Health Care Surtax Would Hurt Economy, Health Care

Published October 1, 2009

The top tax rates in 39 states would climb above 50 percent under a plan to overhaul the nation’s health care system, according to an analysis by the nonpartisan Tax Foundation.

Congressman Charlie Rangel (D-NY) took the lead on the plan, introduced by Democratic Party leaders in the U.S. House of Representatives in July, which would impose a federal income surtax ranging from 1 percent to 5.4 percent, depending on income.

The plan would impose a surtax of 1 percent on married couples with adjusted gross income (AGI) between $350,000 and $500,000 (singles between $280,000 and $400,000); 1.5 percent on couples with incomes between $500,000 and $1 million (singles earning between $400,000 and $800,000); and 5.4 percent on couples earning more than $1 million (singles beyond $800,000).

In addition, employers who don’t provide health insurance for their workers would pay a penalty tax equal to 8 percent of wages if the employer has an annual payroll exceeding $400,000.

Rangel: ‘Moral Thing to Do’

“Reforming America’s health care system to control costs and improve access to quality affordable care is not only the moral thing to do, it is also critical to our economic recovery and the long-term fiscal health of our nation,” Rangel said in a statement.

But Tax Foundation President Scott Hodge worries about the economic damage Rangel’s proposal would do. Hodge notes the surtax would drive up marginal tax rates to more than 50 percent in most states, with an economic impact that would be felt throughout the economy. The marginal tax rate includes the total of local, state, and federal taxes.

“More than three-quarters of the states would face combined top income tax rates exceeding 50 percent under this latest health care funding proposal,” said Hodge. “That means government would be taking more than half of every additional dollar from high-income taxpayers. The lowest top tax rate would be about 47 percent—and that’s in the nine states that don’t tax wages.”

The hardest-hit states would be Oregon (57.5 percent), Hawaii (57.2 percent), New Jersey (57.1 percent), New York (56.9 percent), California (56.8 percent), Rhode Island (56.2 percent), Vermont (55.8 percent), Maryland (55.6 percent), Minnesota (54.4 percent), and Idaho (54.3 percent). The District of Columbia and New York City would see their top effective marginal rates rise to 55.0 percent and 58.7 percent, respectively.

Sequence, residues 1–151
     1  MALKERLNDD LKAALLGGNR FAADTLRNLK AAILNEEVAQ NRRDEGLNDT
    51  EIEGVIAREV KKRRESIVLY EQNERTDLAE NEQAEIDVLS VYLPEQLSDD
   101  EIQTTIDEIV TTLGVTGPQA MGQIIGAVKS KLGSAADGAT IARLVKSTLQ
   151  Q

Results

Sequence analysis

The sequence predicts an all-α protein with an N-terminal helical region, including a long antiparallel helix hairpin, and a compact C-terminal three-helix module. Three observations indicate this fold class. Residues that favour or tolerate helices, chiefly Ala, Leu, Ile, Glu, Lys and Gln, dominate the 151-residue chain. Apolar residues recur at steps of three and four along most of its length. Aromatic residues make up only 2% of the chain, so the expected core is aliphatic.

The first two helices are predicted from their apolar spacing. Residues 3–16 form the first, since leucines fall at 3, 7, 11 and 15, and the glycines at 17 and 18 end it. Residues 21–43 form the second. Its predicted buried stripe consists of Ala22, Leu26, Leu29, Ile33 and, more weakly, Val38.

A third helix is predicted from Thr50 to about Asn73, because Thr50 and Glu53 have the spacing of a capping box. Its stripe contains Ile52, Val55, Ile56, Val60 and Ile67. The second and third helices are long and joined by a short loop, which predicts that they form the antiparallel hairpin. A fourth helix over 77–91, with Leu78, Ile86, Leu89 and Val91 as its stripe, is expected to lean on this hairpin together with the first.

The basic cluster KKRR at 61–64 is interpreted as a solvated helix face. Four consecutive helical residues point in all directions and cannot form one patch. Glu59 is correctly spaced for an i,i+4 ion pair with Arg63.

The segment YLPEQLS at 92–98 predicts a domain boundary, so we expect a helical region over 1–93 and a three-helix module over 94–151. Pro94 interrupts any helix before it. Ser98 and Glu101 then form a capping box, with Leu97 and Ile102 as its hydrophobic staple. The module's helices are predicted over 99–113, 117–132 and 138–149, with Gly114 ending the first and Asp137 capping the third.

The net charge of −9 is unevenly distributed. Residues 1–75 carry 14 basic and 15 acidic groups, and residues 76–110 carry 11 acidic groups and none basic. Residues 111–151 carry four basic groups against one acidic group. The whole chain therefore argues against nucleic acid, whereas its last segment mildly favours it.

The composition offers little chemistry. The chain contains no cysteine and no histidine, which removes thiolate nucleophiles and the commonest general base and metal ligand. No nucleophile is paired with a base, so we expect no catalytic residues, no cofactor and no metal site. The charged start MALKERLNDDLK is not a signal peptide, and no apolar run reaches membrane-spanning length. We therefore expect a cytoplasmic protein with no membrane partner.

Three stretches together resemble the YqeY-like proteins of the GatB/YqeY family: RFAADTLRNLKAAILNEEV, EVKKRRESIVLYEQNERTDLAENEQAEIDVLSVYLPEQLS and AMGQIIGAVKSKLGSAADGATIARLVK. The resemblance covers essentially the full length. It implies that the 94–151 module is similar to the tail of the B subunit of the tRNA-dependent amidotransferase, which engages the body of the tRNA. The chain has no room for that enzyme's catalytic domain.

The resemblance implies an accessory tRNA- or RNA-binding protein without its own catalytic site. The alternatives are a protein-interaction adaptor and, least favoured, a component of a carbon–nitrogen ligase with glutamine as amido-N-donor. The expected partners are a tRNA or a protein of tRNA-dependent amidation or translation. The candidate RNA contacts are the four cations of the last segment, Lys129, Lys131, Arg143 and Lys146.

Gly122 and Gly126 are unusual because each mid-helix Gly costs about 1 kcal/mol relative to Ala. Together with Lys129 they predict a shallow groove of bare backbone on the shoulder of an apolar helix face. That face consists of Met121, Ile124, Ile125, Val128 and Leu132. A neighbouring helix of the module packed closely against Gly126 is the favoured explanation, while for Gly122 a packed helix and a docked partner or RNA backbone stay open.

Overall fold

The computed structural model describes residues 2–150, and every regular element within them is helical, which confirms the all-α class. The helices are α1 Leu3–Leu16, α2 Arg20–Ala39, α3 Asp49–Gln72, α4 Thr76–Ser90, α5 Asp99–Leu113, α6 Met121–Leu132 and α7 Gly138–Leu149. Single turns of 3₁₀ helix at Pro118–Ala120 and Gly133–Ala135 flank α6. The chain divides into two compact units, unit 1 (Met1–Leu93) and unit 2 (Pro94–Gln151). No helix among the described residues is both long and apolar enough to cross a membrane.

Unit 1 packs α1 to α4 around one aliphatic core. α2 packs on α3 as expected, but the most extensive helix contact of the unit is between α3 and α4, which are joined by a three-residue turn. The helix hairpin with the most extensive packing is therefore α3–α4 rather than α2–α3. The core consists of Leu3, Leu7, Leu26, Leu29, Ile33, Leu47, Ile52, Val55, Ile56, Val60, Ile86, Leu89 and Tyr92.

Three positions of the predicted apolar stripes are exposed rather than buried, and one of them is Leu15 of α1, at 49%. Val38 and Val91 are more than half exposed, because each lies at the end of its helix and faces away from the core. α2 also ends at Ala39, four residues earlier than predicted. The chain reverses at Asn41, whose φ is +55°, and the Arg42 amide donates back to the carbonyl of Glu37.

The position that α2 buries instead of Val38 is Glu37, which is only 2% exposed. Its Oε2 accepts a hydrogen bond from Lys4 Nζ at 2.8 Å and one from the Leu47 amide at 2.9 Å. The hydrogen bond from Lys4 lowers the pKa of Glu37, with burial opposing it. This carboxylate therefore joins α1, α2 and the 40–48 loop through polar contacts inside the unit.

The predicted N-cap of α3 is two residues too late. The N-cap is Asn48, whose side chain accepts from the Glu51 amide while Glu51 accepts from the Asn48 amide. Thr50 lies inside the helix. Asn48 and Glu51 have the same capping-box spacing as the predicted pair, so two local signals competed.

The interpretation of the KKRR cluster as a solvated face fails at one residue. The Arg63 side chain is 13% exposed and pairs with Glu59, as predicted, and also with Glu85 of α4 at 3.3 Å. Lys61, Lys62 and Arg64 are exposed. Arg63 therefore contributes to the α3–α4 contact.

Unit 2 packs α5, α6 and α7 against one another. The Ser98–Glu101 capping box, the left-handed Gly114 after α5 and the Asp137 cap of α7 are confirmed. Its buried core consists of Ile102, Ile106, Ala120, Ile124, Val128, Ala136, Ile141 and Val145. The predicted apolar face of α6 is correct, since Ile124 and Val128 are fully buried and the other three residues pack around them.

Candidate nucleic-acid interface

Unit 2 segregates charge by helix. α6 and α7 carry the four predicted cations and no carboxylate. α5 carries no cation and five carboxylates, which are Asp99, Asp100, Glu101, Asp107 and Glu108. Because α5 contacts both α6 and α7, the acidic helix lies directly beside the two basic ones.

The effective marginal tax rate, the measure used in the Tax Foundation’s calculations, takes into consideration deductions and adjustments in order to present a truer measure of an individual’s rate.

Big Blow to Small Business

“This proposed tax increase will be levied at a time when Americans can least afford it and will affect countless small businesses that file individual returns,” including sole proprietorships, S Corporations, and partnerships, said economist Jonathan Williams, director of the Tax and Fiscal Policy Task Force of the American Legislative Exchange Council.

“This tax increase is a job killer, plain and simple,” Williams added. “The rest of the world is moving in the direction of lower tax rates and flat taxes, and this would move America in the wrong direction in terms of competitiveness. The bottom line here is that no government has ever taxed its way into prosperity.”

High income taxes suppress the ability of many small-business owners to invest in their companies and create jobs, explains William Ahern, director of policy and communications at the Tax Foundation. “Many U.S. businesses are so-called pass-through entities, meaning they don’t pay taxes on their business income through the corporate income tax but rather through the individual income tax returns of owners. It’s reasonable to conclude, then, that these businesses will have less money left over to pay wages to workers.”

“High marginal tax rates depress private-sector growth, possibly hurting employment of middle-income people,” Ahern said.

Revenue Losses for Most States

Ahern also said states could end up with less revenue in their coffers if the federal income tax surcharge is levied.

“The federal government taps into the same income stream as the states, so it will squeeze state revenue to some extent,” Ahern said.

Michael Cannon, director of health policy studies at the Cato Institute, argues that in addition to doing economic damage, the proposed plan would fail to fix the problems with the U.S. health care system.

“The House Democrats predicate their health plan on the assumption that medicine will function more smoothly if government forces patients, doctors, and insurers to interact with the government dictating the terms of exchange. What on Earth makes Democrats think they know more about what patients need than the patients themselves is a mystery,” said Cannon.

Sarah McIntosh ([email protected]) teaches constitutional law and American politics at Wichita State University in Kansas.

For more information …

“House Leadership’s Health Care Plan Pushes Top Tax Rates Over 50% in 39 States,” Tax Foundation Fiscal Fact No. 178: